When a symphony by a famous composer is never played there is usually a good reason. I think we spotted at least three when the Hallé Orchestra, Hallé Choir, RNCM Chorus and Mark Elder bravely tackled Shostakovich’s Third on Thursday.
First, there’s the bombastic choral finale, conjuring the spectacle of proud proletariats uniting on May Day. It’s, well, very Soviet — “The first of May is the tread of miners clutching rifles. Revolution!” — without any of the redeeming irony that the older Shostakovich might have surreptitiously laced into this gaudy patriotic banner.
Then there’s the ferocious technical demands. In 1929 Shostakovich was a young man aiming for maximum shock impact. It’s hard to know which is the more hazardous for the first fiddles: the helter-skelter passage where they have to pump out about a hundred notes a second, or the anguished, Mahlerian line that sends them on a weird chromatic journey into the stratosphere.
And lastly, there’s the music itself: noisily entertaining, but bereft of discernible logic. Just before the chorus enters, for instance, there are massive unison declamations for full orchestra over a mighty drum-roll, followed by a macabre recitative for trombones. What’s that about? All credit to the Hallé and Elder for putting it across with such pulsating vigour. But I won’t be petitioning the gods of concert programming for more performances.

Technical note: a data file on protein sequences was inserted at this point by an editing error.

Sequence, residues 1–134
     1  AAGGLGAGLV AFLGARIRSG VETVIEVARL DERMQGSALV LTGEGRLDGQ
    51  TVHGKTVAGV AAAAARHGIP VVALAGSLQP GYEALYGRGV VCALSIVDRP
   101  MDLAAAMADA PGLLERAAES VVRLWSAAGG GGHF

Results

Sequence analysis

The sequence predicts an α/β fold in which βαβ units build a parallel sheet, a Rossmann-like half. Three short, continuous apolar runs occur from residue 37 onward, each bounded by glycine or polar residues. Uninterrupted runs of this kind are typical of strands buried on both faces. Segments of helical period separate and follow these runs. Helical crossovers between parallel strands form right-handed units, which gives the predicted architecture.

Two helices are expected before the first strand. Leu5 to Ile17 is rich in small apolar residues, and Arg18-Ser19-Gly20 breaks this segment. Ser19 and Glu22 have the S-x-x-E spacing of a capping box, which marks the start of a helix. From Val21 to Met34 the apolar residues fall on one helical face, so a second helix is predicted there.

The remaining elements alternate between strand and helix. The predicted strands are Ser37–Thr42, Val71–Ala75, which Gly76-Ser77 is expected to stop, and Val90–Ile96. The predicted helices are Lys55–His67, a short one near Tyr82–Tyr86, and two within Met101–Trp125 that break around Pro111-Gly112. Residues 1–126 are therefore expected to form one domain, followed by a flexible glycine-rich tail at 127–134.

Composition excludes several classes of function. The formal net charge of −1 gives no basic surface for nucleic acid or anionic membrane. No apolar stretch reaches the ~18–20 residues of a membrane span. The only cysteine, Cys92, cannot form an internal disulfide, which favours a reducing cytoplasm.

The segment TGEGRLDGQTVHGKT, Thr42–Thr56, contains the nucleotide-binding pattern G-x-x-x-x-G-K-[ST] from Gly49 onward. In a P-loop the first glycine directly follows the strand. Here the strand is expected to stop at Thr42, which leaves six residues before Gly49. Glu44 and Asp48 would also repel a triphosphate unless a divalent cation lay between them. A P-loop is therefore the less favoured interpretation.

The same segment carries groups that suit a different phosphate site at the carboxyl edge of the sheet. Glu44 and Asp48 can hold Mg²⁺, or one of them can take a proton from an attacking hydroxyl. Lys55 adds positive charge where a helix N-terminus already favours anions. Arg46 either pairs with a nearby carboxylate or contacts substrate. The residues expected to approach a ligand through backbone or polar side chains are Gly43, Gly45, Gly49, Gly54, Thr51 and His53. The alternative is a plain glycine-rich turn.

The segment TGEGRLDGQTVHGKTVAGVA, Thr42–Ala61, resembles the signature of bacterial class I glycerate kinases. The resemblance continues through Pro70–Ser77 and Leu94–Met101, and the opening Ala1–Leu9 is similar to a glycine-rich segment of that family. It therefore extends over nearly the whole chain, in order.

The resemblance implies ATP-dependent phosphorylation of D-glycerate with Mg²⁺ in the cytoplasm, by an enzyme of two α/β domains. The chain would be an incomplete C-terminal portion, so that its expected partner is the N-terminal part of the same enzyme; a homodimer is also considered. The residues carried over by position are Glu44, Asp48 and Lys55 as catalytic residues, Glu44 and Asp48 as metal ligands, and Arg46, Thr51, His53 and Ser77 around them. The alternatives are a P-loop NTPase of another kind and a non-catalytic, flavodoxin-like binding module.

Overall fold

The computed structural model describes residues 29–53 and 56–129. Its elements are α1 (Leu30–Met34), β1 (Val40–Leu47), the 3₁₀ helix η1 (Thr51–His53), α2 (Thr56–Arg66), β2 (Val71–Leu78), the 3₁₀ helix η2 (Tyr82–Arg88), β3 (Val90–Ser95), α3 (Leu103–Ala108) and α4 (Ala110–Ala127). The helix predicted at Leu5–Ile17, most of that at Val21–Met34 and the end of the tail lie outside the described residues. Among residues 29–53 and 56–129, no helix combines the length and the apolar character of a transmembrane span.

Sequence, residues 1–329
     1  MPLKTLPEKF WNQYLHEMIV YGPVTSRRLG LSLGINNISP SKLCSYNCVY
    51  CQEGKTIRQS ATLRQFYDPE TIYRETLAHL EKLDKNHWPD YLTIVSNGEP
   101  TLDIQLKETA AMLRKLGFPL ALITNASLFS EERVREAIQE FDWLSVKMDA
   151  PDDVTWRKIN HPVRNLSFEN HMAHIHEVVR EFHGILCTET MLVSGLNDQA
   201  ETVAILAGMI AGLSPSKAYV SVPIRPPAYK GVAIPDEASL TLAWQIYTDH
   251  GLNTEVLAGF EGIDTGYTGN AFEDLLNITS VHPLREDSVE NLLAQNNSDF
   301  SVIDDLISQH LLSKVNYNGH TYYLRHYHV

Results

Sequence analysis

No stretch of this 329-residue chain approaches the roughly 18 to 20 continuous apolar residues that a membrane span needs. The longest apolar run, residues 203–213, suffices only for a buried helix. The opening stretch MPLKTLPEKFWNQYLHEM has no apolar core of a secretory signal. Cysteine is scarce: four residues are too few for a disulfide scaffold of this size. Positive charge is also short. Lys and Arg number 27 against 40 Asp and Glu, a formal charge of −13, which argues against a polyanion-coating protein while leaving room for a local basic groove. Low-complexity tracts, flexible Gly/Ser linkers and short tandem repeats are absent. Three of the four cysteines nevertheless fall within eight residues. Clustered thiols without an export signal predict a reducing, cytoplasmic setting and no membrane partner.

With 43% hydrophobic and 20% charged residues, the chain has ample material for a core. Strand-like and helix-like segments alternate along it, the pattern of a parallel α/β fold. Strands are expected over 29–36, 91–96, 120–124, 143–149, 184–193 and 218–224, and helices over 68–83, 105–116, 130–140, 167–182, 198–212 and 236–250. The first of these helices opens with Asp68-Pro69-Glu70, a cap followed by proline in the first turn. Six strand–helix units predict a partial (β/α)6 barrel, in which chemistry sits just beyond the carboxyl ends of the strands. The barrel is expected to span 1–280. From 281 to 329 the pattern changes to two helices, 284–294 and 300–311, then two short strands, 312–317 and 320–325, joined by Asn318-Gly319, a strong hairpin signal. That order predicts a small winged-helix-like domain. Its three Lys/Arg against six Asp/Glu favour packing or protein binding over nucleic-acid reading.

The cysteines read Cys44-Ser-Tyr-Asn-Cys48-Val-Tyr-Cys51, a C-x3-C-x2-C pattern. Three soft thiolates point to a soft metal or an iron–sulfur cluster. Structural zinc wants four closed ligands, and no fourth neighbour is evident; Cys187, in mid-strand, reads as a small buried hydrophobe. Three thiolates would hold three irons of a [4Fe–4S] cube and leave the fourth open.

From Richard Morrison's Times review of the Hallé Orchestra performing Shostakovich's Third Symphony under Mark Elder in the Bridgewater Hall, Manchester. Good to see that the word critic still has some meaning.
Image credit: Shostakovich from VU-Kamerorchest. He is not looking puzzled because of Richard Morrison's review. He is wondering why his watch is on the wrong hand - I 'mirrored' the image to vary the page format. Image owners - if you do not want your picture used in this article please contact me and it will be removed. Report broken links, missing images and other errors to - overgrownpath at hotmail dot co dot uk
If you enjoyed this post take An Overgrown Path to Shostakovich saturates - Schumann awaits.